When you have the proper Errors & Omissions insurance, you are covered for liabilities arising from duties as a lifeguard and first aid provider.

Incidental expenses such as your legal defense, along with the final settlement and court awards are included.

Even if in the end the court finds that you were not liable, it may cost several thousand dollars that you have to cover out of your own pocket.

General Liability insurance

General Liability insurance covers you for accidents that happen to people who are not directly under your lifeguard supervision while you are on duty.

It is especially relevant when you use your private pool for lessons or recreation and act in an official capacity as the lifeguard.

In any case when a “third party”, which is any person who is inside the area under your control, suffers some form of accident or damage not directly relating to the swimming, then you are liable to be sued.

An example may be where you have let some swimmers take buckets of water out onto a tiled walkway, which then becomes soaked and slippery.

If some passer-by slips and breaks a limb, you can be sued and have to face the same problems as when you are being sued for E&O.

It’s not always possible to prove that you weren’t at fault, and the legal costs can be enormous, even if you win the case in the end.

There are a few other kinds of insurance that you may need to consider, depending on the specifics of your own type of lifeguard business:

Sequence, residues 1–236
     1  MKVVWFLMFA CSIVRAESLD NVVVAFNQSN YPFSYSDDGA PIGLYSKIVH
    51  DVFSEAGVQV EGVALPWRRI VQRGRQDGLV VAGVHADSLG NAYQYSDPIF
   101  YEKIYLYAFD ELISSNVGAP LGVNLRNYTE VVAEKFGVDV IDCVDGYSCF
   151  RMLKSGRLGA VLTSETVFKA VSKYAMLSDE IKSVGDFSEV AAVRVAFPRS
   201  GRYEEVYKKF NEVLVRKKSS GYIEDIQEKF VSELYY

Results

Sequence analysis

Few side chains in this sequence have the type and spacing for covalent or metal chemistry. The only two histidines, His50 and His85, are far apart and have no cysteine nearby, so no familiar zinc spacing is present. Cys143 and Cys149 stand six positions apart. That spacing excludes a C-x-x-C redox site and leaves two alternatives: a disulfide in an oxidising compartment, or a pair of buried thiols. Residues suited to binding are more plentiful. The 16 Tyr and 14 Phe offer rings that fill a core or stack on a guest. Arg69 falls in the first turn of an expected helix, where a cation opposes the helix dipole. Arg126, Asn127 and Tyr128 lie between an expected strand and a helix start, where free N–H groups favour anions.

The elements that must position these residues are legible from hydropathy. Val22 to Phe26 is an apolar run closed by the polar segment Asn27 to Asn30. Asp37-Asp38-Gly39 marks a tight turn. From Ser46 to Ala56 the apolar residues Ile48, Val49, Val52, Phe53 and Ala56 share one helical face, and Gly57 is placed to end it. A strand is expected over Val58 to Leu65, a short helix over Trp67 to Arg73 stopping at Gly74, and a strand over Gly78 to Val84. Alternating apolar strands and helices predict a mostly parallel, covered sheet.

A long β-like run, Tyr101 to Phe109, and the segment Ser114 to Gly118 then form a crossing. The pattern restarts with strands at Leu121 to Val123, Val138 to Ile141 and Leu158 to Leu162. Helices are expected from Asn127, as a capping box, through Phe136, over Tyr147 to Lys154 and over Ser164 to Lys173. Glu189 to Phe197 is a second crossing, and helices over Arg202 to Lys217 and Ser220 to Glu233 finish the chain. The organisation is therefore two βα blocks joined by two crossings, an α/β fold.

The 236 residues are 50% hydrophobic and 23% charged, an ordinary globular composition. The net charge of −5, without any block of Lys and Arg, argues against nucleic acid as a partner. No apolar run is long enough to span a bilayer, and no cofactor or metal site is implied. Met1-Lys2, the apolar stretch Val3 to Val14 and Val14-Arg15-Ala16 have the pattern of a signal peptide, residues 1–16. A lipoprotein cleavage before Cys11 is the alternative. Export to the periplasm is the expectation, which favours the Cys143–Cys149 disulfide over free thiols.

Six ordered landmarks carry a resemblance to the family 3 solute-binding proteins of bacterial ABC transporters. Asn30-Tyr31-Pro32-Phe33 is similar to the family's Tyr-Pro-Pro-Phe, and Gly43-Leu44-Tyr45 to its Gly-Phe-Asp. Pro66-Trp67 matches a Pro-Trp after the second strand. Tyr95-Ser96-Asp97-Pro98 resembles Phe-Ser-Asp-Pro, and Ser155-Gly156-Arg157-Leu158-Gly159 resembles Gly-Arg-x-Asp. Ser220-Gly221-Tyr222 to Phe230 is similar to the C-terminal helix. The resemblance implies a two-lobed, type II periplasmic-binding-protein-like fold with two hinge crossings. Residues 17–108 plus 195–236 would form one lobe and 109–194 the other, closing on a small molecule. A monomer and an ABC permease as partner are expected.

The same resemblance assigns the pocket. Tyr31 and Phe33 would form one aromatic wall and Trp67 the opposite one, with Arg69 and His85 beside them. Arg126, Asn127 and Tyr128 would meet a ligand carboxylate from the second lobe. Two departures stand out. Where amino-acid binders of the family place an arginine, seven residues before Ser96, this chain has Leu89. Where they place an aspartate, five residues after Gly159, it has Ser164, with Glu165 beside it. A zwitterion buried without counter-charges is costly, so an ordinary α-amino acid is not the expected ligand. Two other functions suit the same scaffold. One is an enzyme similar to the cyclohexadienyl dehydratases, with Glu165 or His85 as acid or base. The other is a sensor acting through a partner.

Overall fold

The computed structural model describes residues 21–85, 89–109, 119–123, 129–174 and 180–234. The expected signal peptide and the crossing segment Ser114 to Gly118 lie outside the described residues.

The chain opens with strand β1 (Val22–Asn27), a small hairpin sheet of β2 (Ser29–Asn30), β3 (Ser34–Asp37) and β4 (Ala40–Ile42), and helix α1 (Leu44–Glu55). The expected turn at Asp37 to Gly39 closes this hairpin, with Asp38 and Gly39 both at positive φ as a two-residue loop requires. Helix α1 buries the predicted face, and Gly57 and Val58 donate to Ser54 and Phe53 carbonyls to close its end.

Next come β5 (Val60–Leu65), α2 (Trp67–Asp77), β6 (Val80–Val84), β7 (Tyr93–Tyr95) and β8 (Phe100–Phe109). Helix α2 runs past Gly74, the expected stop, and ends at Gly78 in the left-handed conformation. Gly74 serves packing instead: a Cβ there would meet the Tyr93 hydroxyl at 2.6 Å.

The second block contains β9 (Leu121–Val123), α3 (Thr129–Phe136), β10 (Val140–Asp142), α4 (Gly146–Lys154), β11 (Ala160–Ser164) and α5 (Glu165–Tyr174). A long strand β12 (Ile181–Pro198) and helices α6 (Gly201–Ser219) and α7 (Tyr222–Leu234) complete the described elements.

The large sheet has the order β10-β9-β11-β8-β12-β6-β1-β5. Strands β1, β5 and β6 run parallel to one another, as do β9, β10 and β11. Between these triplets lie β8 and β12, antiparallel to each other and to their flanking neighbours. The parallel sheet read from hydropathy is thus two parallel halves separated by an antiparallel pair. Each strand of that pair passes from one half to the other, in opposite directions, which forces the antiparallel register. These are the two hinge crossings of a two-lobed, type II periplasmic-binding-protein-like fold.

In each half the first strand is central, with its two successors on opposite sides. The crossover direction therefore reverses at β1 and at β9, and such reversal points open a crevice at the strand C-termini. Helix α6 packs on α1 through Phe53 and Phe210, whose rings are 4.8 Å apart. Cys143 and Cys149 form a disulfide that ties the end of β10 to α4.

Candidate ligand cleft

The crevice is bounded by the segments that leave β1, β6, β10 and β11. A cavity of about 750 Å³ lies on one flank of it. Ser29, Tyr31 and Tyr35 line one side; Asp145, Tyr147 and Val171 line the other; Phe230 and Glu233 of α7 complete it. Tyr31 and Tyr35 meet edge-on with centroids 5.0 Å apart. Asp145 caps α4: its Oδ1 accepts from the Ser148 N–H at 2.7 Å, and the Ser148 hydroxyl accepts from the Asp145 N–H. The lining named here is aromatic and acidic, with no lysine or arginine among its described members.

Commercial auto insurance is necessary if you travel between workplaces, and especially if you transport pupils, fellow guards or anyone else associated with the actual business.

Your private car insurance may void your cover in such a case.

Commercial Property insurance is necessary if you own a private pool for business purposes, even if it’s part of your residence.

At the very least, you need to get any clauses prohibiting commercial operations from being conducted struck off or modified.

Business Interruption insurance may be a good option for you if you are a full-time lifeguard who depends on the business as your main source of income.

For reasons like prolonged storms, changes in the locality, and others, disruption to business may cut you off from the income for weeks or even months.

The insurance lets you continue to pay the business’s fixed costs and still enjoy a reasonable income.

If you need Commercial Property, General Liability and Business Interruption cover, then you can think about the option to combine them all under the single Business Owners Policy (BOP), which usually gives you cheaper premiums along with a better cover.


Is lifeguard insurance the same as lifeguard instructor insurance?

Lifeguard instructors have different duties from ordinary lifeguards.

Most often, lifeguard instruction takes place in some school or official body that will issue a diploma or certificate to prove the training.

So, if there is any need for insurance, it should be being met by the body running the instruction course, and the instructor (you) should already be covered.

If you are in any doubt, be sure to ask, and maybe get it in writing.